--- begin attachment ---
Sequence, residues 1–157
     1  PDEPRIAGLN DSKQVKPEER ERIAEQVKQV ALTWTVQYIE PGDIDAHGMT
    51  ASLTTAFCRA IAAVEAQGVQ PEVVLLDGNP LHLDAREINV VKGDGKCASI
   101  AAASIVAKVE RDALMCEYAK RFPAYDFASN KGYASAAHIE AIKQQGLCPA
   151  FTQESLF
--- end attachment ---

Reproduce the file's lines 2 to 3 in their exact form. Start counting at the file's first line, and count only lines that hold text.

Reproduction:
     1  PDEPRIAGLN DSKQVKPEER ERIAEQVKQV ALTWTVQYIE PGDIDAHGMT
    51  ASLTTAFCRA IAAVEAQGVQ PEVVLLDGNP LHLDAREINV VKGDGKCASI